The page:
Tom Foreman | BIO
Just when you thought it was safe to watch political news again, take a look at those pictures of her and Obama standing hand in hand, and brace yourselves, Hillary haters.
All of you out there who are celebrating because her campaign is over, all of you who danced in your living rooms when she made her concession speech, all of you who said “Finally, the era of the Clintons is over.”
And all of you whose hearts were broken by her defeat; raise your eyes.
Because many political watchers here in DC are convinced Hillary Clinton is emerging from this election stronger than she went in, despite her loss... And they’ve got about 18 million reasons to think that way. 18 million voters chose her over Barack Obama. Think about that. Even in a country as large as ours, that is a staggering number of people, and in Washington that translates into clout. In every state where she won big, elected Democrats took notice. Now watch what happens. When those Dems are seeking re-election or grappling with big issues, odds are her name will be riding high on their Outlook contacts list.
All that cheerleading she is doing for Obama, brings some spoils of war with it. Insiders say former Clinton staff workers are taking new positions within Camp Obama every day. Her biggest supporters and donors are slowly stepping up to shake his hand. She is walking alongside him, and with every step she is gaining influence, respect, and power in the next administration if Obama wins the White House.
If she had lost badly, she would be scrabbling around for crumbs. But she played him to a near tie in the popular vote, and that is something that no one in the Democratic Party dares to ignore. If Democrats want to beat the Republicans, (and they do!) they suspect the Clinton Seal of Approval must be stamped on a fair amount of all that happens until November.
Because with that seal (and forgive me for bringing up the now sensitive subject of seals) comes access to the Clinton political machine; top level operatives who know how to rally support in the states where Obama did not connect so well, and with constituencies that he makes uneasy: Latinos, older working class voters, and some women. With Clinton approval comes experience in running a general election campaign against the Republicans; remember, Obama has never done that before and primary battles, like the one he just waged, are wholly different affairs. And with Clinton approval comes the former president, Bill Clinton. It is not yet clear, precisely, what role he will play, and considering all the kerfuffle he raised around his wife’s campaign, Obama may be understandably cautious about how he is deployed…but it is certainly better for Obama to have him on his side.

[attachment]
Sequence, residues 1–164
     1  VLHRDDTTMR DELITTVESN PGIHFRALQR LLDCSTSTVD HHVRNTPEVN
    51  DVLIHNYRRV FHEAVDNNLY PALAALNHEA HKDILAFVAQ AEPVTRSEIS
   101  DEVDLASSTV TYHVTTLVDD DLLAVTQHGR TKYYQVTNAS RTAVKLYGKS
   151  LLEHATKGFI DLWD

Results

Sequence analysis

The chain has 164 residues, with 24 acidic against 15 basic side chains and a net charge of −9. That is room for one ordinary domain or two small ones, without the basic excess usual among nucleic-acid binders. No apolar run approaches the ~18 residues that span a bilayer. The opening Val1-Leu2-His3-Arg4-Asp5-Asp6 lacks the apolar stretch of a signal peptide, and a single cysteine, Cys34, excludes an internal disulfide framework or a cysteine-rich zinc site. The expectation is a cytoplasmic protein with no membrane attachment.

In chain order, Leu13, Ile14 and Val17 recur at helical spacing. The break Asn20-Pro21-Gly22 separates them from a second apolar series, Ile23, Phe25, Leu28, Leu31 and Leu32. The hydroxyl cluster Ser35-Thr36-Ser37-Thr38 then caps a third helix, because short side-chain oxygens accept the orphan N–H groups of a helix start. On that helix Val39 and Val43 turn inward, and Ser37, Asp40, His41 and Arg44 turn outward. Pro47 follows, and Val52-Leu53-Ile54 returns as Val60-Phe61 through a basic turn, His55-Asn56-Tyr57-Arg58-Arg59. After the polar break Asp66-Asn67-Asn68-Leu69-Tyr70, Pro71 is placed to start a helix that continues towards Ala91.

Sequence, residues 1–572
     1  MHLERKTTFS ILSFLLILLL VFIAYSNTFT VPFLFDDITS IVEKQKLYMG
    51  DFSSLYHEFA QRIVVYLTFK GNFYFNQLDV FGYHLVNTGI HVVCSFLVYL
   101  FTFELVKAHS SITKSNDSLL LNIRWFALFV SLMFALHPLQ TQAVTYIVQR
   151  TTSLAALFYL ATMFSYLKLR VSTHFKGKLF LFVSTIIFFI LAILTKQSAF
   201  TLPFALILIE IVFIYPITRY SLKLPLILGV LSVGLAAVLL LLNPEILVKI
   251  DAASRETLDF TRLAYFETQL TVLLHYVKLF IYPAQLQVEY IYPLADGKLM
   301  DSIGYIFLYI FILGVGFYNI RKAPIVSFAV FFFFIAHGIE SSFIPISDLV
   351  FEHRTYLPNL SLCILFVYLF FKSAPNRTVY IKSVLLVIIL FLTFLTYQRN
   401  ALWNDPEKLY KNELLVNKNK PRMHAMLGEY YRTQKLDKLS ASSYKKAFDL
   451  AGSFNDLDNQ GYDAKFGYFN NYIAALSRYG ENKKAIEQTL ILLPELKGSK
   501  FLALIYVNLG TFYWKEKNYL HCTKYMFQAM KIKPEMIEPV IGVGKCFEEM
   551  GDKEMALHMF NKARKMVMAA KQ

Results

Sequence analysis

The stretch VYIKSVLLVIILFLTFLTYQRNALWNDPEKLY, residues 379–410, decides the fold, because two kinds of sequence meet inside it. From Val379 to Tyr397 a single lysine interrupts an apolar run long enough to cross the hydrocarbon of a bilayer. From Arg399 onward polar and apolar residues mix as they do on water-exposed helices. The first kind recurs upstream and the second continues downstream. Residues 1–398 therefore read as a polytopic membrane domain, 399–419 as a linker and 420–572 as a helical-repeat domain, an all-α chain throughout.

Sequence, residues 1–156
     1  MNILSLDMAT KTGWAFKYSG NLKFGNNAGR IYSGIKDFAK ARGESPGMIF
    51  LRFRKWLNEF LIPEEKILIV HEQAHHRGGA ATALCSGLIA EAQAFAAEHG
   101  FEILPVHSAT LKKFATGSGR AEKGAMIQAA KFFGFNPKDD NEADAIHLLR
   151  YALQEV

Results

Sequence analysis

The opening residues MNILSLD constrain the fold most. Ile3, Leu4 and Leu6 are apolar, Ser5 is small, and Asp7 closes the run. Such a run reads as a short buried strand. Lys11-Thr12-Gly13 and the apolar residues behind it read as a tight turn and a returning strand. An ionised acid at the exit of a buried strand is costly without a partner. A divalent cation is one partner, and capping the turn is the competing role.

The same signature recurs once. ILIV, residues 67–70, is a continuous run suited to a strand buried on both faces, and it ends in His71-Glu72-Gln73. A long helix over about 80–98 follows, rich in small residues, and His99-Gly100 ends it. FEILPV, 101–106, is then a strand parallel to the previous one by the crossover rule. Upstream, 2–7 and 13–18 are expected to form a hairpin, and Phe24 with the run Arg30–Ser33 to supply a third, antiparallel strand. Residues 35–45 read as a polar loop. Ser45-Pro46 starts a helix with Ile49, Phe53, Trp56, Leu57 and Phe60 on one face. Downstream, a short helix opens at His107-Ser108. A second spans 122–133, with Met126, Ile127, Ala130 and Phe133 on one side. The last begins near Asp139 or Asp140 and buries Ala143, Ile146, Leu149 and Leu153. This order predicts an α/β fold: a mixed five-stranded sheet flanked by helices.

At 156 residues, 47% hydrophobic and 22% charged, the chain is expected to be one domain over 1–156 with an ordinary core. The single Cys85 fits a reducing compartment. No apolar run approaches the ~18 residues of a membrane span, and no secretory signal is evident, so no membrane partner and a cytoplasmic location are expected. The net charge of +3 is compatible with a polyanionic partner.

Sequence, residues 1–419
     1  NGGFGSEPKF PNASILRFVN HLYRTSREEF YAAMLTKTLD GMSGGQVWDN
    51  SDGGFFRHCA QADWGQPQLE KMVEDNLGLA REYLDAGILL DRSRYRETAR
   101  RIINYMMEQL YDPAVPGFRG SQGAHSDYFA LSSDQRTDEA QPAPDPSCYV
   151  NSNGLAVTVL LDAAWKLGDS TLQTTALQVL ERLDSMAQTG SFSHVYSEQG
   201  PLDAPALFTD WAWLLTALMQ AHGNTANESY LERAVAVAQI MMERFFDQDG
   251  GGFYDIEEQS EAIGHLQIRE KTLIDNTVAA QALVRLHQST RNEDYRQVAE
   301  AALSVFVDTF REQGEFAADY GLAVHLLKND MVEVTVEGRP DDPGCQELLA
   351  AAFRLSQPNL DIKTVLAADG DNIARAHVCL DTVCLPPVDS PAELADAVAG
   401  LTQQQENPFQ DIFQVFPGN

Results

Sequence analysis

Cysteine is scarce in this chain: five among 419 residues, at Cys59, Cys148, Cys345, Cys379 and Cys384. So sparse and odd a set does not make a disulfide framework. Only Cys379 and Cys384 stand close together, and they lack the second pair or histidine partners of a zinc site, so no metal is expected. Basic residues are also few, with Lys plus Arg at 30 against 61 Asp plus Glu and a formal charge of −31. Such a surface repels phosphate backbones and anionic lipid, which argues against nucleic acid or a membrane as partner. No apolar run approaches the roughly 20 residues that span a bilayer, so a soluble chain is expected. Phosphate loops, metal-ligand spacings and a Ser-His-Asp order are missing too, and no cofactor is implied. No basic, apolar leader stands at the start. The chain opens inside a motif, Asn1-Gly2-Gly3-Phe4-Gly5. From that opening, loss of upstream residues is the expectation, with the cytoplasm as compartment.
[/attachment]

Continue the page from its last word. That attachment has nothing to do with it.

Make no mistake about it, Obama won the nomination. He came from absolutely nowhere to knock off a sure winner (that would be her,) and stun the Washington power players. He’s not about to give her a co-presidency now. Even all that talk of a Vice Presidential slot has grown muted.
But Hillary Clinton is, as it seems the Clintons always do, rapidly turning her defeat into political cabbage; chopping it ten different ways, slathering it with the sauce of consolation, rearranging it on the Capitol platter, and guess who looks like she is eating steak again?
18 million voters have a way of sweetening the deal for any politician, whether or not he or she ultimately wins the race.
The Clinton Empire over? The political oracles in DC are whispering: Don’t bet on it.
Editor's note: See Tom anchor This Week in Politics saturday 6PM and Sunday 2PM ET. This week, a special edition: The Clintons: what's next?
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